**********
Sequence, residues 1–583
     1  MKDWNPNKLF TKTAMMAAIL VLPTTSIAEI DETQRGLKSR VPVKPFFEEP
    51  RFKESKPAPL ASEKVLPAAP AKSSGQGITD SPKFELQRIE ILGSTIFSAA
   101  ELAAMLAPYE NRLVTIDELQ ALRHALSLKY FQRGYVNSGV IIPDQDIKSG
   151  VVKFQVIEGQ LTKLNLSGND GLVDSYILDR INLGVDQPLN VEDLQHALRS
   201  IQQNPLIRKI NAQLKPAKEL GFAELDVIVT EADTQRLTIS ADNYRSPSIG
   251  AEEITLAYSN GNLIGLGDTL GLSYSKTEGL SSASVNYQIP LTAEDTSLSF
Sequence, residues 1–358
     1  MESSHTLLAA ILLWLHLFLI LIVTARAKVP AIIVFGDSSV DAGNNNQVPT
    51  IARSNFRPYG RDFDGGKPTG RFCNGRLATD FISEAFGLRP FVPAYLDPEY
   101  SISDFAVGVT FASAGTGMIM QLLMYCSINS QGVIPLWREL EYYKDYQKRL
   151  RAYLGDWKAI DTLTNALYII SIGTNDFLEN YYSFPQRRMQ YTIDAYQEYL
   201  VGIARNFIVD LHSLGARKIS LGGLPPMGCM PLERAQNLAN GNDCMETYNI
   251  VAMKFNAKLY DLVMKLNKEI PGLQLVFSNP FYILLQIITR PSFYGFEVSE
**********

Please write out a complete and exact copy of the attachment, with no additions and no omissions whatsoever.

Sequence, residues 1–583
     1  MKDWNPNKLF TKTAMMAAIL VLPTTSIAEI DETQRGLKSR VPVKPFFEEP
    51  RFKESKPAPL ASEKVLPAAP AKSSGQGITD SPKFELQRIE ILGSTIFSAA
   101  ELAAMLAPYE NRLVTIDELQ ALRHALSLKY FQRGYVNSGV IIPDQDIKSG
   151  VVKFQVIEGQ LTKLNLSGND GLVDSYILDR INLGVDQPLN VEDLQHALRS
   201  IQQNPLIRKI NAQLKPAKEL GFAELDVIVT EADTQRLTIS ADNYRSPSIG
   251  AEEITLAYSN GNLIGLGDTL GLSYSKTEGL SSASVNYQIP LTAEDTSLSF
Sequence, residues 1–358
     1  MESSHTLLAA ILLWLHLFLI LIVTARAKVP AIIVFGDSSV DAGNNNQVPT
    51  IARSNFRPYG RDFDGGKPTG RFCNGRLATD FISEAFGLRP FVPAYLDPEY
   101  SISDFAVGVT FASAGTGMIM QLLMYCSINS QGVIPLWREL EYYKDYQKRL
   151  RAYLGDWKAI DTLTNALYII SIGTNDFLEN YYSFPQRRMQ YTIDAYQEYL
   201  VGIARNFIVD LHSLGARKIS LGGLPPMGCM PLERAQNLAN GNDCMETYNI
   251  VAMKFNAKLY DLVMKLNKEI PGLQLVFSNP FYILLQIITR PSFYGFEVSE